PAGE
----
Monthly Archives: September 2015

Innovation & Entrepreneurship Pt.2 – Roger

Last weekend, I posted my first blog post on entrepreneurship, in which I examined how important innovation has been for businesses, especially startups, through some examples including a brief overview of the economy of Malaysia. As I mentioned at the end of my blog post last week, I will talk about some of my experiences within the field of innovation and explore how innovation can help my own business this week.

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Week Three — Cleo

A brief progress update:

My first story is beginning to find its way to the end of the writing phase. I think that it is structurally and stylistically complete, however, it needs more detail and description before I can enter the editing process.

The main focus on my post this week will be answers. Since my last post, a few questions have been raised that I thought I should clarify, so as to further explain my project:

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One Boy that Rules Them All

In last week’s post, a big name was mentioned, but not looked into. If you had really thought about the money multiplier, you would realize that what decides the magnitude of this money generator seems to be only one number that is decided by one institution so powerful that it rules all the banks in the United States, including those “giants” that are worth more than 10 billions.

The number is of course the Federal Reserve Rate, and the institution, that we will talk about today, is the Federal Reserve System.


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Stigma, Functionality, and Bipolar Disorder- Lily

This past week I read a few articles on functionality and stigmas of bipolar disorder. One certain article really stood out to me, Stigma: A Core Factor On Predicting Functionality in Bipolar Disorder. This article presented hypothesizes and results of a group of 91 patients with bipolar disorder. Each person was given a questionnaire, which is made by the Scientific Section for Mood Disorders of the Psychiatric Association of Turkey. Functioning like emotional functioning, intellectual functioning, sexual functioning, feelings of stigmatization, social withdraw, household relations, relations with friends, participation to social activities, daily activities and hobbies, taking initiative and self sufficiency, and occupation, were all related to each bipolar patient depending on certain variables. A study that examined the influence of functioning in the patients: high scores of self-perceived stigma directly relates to lower scores of functioning, like mentioned previously.

The results included the relationship between demographic and medical variables with functioning. There was no proved relationship among functioning and sex, marital status, vocation, or psychotic-featured episodes. The variables that affected the bipolar patients’ functioning were, age, education, duration of disorder, number of hospitalizations, number of manic episode, number of depressive episodes, and duration of last remission period. These variables were all severity and linked to depression, internalized stigmatization, and perceived social support for the patient.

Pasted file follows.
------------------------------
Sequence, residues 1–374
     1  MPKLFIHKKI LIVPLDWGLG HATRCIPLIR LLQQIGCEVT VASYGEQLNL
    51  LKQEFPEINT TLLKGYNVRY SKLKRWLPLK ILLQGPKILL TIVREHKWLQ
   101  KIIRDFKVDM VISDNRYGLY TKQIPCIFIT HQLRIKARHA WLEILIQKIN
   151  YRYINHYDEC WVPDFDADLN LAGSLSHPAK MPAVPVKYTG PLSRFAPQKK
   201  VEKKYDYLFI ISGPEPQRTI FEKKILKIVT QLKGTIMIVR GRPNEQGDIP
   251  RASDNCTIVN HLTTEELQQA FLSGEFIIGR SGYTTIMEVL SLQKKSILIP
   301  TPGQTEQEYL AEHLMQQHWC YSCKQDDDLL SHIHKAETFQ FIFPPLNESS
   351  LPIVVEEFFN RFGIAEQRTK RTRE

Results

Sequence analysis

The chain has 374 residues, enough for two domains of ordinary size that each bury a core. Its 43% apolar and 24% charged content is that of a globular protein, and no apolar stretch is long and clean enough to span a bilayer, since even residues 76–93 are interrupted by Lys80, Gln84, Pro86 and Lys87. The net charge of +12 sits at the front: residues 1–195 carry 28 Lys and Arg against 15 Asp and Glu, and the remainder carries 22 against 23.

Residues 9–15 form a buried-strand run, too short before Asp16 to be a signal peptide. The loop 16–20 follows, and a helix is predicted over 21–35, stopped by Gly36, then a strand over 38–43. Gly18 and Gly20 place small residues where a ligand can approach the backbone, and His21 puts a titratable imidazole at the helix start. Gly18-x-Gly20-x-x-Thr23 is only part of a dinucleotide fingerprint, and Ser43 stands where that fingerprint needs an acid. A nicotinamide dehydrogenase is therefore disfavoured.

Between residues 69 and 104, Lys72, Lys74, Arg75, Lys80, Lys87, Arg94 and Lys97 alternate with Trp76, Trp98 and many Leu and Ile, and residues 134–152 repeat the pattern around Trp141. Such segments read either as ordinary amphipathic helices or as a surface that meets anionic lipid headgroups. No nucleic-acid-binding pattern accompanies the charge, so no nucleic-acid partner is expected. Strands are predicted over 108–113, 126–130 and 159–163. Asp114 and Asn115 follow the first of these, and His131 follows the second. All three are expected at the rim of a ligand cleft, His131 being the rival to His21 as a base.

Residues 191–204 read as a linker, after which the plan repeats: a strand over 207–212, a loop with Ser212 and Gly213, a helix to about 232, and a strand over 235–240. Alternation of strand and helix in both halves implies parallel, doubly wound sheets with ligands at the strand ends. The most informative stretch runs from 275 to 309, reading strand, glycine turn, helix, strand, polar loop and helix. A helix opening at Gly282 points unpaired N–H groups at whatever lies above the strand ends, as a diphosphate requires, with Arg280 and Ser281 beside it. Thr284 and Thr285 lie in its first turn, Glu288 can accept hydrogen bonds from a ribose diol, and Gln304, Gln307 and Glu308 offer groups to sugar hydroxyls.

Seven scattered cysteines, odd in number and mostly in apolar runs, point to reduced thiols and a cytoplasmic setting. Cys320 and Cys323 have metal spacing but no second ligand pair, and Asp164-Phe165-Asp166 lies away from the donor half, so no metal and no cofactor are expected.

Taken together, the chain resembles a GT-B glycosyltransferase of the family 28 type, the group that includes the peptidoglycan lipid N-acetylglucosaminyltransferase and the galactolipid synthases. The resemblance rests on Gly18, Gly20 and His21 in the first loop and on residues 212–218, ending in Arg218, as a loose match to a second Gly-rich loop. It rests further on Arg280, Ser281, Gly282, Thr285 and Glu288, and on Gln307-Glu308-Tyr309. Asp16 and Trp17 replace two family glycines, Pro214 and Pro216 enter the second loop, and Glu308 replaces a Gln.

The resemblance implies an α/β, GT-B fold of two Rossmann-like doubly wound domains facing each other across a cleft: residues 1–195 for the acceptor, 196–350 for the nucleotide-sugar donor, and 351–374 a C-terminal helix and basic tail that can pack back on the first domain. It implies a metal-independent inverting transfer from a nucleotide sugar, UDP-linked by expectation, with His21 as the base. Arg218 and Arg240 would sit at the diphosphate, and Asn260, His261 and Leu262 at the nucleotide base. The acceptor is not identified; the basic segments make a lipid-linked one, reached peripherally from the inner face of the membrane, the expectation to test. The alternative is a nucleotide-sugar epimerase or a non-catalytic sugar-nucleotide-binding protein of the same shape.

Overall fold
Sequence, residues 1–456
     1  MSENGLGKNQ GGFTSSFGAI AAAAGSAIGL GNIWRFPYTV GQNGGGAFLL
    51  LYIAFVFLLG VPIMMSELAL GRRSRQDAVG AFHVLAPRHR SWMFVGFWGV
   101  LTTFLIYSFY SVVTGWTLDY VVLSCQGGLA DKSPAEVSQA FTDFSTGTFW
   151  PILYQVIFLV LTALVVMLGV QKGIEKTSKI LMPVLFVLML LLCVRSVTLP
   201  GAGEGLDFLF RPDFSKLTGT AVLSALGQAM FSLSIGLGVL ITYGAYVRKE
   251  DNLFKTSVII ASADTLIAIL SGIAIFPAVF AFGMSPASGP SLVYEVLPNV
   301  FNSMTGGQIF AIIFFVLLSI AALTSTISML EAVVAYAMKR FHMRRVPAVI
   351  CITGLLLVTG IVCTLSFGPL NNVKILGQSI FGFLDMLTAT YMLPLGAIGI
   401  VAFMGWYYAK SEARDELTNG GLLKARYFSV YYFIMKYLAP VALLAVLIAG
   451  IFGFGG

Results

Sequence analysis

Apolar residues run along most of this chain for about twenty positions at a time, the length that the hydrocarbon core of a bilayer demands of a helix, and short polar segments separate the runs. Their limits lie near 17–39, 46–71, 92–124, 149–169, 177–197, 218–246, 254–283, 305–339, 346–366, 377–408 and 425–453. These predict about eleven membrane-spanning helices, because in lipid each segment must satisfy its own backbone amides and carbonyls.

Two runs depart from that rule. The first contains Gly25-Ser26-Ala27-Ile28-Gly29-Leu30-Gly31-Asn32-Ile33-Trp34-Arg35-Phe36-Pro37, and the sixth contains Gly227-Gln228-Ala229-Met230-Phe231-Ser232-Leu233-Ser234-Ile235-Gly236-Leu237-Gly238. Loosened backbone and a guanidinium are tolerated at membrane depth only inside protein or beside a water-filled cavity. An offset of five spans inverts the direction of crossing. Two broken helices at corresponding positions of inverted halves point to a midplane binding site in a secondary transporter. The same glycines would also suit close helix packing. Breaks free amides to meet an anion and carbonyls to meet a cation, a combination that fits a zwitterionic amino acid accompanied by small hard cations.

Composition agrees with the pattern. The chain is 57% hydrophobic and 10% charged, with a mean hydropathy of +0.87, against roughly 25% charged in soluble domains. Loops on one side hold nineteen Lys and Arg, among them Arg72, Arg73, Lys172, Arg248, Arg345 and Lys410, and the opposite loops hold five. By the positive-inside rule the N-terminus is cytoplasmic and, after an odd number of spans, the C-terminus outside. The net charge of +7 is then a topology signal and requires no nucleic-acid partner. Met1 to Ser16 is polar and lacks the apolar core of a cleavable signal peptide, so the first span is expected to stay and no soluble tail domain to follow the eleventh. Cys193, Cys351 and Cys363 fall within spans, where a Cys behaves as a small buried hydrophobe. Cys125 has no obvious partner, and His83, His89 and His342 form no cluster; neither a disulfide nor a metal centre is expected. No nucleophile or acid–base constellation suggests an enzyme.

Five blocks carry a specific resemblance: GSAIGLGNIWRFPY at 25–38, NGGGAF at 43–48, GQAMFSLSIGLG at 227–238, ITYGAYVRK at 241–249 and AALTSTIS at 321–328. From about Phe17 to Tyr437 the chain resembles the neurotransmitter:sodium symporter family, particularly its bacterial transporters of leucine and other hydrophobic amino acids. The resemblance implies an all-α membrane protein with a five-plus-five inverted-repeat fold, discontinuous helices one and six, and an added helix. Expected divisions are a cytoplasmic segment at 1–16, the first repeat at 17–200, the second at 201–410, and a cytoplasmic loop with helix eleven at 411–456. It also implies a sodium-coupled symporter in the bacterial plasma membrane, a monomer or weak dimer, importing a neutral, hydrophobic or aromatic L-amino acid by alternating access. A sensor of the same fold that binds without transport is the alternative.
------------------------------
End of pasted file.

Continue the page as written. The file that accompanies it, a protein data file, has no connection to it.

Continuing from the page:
The article mentioned that the three predictors of functionality are depression, stigmatization, and social support. These were analyzed to further understand the effects of the variables of functioning. For example, the severity of depression correlated with internalized stigma. The results showed that internalized stigmatization is related to things like years of education, number of hospitalizations, depression and perceived social support. Sex relates to perceived social support, as males tend to perceive it less than females.

This article was interesting to me because it talked about all of the variables that connect to one’s disorder. Brandon and I are interested in social perceptions of bipolar patients. This article included a lot of information about how a bipolar patient functions according to certain variables. I wonder why males tend to feel less social support than females. I wonder if it could be because stereotypically males do not express their emotions, so they do not feel open to articulating and accepting emotions. This article did a good job of explaining and showing through the results of tests how certain aspects of a person relate to the severity of bipolar disorder.



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Week 2: Cool Kids – Will

We all have secrets. Some of us are trying to trying to hide them from our friends, spouses, or even totalitarian governments. This week in CS50 we covered cryptography; the art of keeping secrets.  Cryptography is an incredibly immense and incredible science dating back to antiquity with the Greeks and the Arabs. Also one that is incredibly relevant to the privacy crisis we have going on today. Let’s dive into three examples of cryptography in this weeks PSet 2.

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Week 3 – Aidan

This week I worked on using simple sounds collectively to string together one track. The idea this week is that I don’t overthink the synthesis side of the song; the part where I create the main synths and decide how much time I’ll put into making them complex or simple.  Continue reading


This week, I ventured back to the Yale Psychology Course. The lecture was taught by Professor Susan Nolen-Hoeksema who touched on depression, bipolar disorder, and treatments of the two.  I was already familiar with depression however, my knowledge of mania was very basic.
I thought mania was general feelings of happiness and euphoria. While that is true, mania is much more complex. When one experiences a manic period, he/ she has an inflated self-esteem or grandiosity. Continue reading